Legislation for Regulating ART Clinics in India (Pages: 0-0)


Sharma RS *,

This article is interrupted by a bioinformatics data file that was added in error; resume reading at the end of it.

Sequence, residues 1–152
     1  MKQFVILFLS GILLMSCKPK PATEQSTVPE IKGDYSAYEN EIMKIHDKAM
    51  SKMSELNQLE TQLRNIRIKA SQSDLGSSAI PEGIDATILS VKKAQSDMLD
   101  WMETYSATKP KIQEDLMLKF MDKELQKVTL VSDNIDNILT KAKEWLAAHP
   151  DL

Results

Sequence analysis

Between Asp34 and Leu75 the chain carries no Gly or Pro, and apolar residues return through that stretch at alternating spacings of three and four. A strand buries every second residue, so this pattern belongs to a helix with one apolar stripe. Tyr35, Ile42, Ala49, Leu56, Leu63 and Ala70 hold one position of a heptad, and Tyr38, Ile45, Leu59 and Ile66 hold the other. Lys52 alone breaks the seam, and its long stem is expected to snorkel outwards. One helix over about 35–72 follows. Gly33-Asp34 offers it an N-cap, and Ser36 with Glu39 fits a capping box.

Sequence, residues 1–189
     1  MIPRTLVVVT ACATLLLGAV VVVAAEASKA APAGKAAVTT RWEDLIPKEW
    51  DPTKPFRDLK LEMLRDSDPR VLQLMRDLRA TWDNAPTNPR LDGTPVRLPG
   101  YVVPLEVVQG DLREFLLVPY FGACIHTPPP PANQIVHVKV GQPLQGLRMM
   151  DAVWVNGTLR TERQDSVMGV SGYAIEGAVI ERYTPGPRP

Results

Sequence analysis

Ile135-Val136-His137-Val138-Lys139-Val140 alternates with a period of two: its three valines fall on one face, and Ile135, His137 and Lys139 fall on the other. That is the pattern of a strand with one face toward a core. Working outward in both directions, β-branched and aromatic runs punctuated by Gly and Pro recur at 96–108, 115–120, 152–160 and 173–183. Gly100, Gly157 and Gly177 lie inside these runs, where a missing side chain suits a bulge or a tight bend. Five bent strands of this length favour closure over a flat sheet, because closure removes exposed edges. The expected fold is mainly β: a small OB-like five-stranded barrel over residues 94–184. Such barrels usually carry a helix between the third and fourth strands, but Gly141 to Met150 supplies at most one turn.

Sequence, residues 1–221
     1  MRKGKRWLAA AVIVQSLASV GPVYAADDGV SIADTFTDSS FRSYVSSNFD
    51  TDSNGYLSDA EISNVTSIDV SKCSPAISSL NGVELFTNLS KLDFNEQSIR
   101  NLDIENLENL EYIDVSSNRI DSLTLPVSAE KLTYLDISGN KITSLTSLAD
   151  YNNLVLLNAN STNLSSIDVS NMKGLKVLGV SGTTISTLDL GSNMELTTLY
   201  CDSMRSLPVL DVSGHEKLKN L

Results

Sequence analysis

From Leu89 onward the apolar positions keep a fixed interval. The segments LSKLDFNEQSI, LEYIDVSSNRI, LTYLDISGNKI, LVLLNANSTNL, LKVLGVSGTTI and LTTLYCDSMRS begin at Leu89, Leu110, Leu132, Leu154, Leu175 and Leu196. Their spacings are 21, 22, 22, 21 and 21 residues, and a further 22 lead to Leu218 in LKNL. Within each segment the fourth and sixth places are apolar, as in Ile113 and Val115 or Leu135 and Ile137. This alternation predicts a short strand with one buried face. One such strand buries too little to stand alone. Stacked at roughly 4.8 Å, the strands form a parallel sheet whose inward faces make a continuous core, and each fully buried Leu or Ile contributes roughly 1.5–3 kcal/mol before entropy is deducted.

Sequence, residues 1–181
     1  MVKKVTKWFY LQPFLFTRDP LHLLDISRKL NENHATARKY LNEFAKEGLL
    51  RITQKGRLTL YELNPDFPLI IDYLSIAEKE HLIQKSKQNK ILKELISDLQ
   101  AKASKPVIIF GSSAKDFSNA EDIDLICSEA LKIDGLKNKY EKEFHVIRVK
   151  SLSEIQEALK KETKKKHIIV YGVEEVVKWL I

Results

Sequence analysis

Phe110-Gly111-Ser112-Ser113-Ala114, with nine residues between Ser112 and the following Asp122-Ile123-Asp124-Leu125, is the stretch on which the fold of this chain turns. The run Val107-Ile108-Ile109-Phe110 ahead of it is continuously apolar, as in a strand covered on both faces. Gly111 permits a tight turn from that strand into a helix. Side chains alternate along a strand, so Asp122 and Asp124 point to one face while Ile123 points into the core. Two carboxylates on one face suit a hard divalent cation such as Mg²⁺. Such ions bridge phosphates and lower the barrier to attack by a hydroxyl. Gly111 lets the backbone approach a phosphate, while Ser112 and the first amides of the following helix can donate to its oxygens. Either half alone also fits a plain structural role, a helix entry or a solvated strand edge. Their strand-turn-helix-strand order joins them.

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The advent of any new scientific development that have wide applications and which impinge on human life raise several technical and moral dilemmas and poses many ethical and technical challenges. The assisted reproductive technology (ART) is no exception. ART also raises questions from society on their ethics and safety; in some instance moral issues also are raised. An additional factor arises when technology becomes privatized with a possible loss of Govt. control. Unlike most other medical techniques success rate using ART is poor. However the desire of those whose marriages have remained barren to have children specially in our country is so great that many infertility clinics with little expertise or reliability have come up all over the country. The services offered by some of these clinics are questionable. There is no formal training in this discipline in the country. The mushrooming of infertility clinics in India has been therefore a matter of great concern. This in turn creates pressure on politicians and legislators to scrutinize understand and control these practices. The reasons for this state of affair is the lack of National Guidelines and an Accreditation Supervision and Regulatory body under which all infertility clinics offering ART would be placed. The Indian Council of Medical Research (ICMR) had developed "National Guidelines for Accreditation Supervision and Regulation of ART Clinics in India" in consultation with the National Academy of Medical Sciences (NAMS) (India). The draft guidelines were widely publicized discussed and debated by expert groups of the ICMR and then by practitioners of ART and the public throughout the Country. The National Human Rights Commission (NHRC) and National Commission for Women (NCW) have also approved the guidelines. The final guidelines have also been accepted by the Ministry of Health and Family Welfare Govt. of India. To implement these guidelines in the country the guidelines have been translated into draft Assisted Reproductive Technologies (Regulation) Bill & Rules -2008 which was also subjected to public debate. Based on the comments & suggestions of various stake holders both nationally and internationally and after consultation & approval of the experts the draft ART (Regulation) Bill & Rules has been revised and after the approval of the respective Ministries Govt. of India it will be placed in the parliament of Republic of India for approval. Artificial insemination by sperm (AID) has long been used to achieve successful pregnancies when the male partner is unable to father a child or when there is a danger of transmitting a hereditary disorder to the offspring. After the development of IVF the donation of eggs and embryos has also become a possibility. There are clear ethical parallels between sperm and egg donations. Like sperm donor eggs can help infertile individuals achieve a pregnancy and have a child who is genetically related to one parent. In the case of Donor embryos it is enabling a woman to go through pregnancy and childbirth. Even in surrogacy the child genetically belongs to either both the parents or at least one parent. However for some couples sperm or eggs might be thought to raise problems in so far as the social father or mother may feel less attached to a child that is not genetically his/her. This problem could be compounded by the use of donor embryos in few cases. But such problems should largely be able to be overcome by adequate counseling prior to the use of donor gametes or embryos. One of the central ethical questions relating to egg sperm and embryo donations is whether a child conceived in this way should or should not be told to her or his origin and what would happen in each case. Traditionally as also in past it was the almost universal practice to keep the identity of both the sperm donor and the recipient confidential. This practice has been challenged on the grounds that the child has a “right to know the truth” or that it is too difficult to hide the truth. Several countries now allow children when they reach majority to access at least non-identifying information about their genetic parents. Surrogacy is another important issue as infertile couples from different parts of the world comes to India for hiring Surrogate mother. There are number of issues both nationally and internationally in engaging surrogate mother and needs proper attention. Appropriate measures have been recommended in the Councils guidelines for ART Clinics in India as well as in draft Assisted Reproductive Technologies (Regulation) Bill & Rules -2009 on various issues related to AID ovum donation & surrogate mother and will be discussed during the presentation.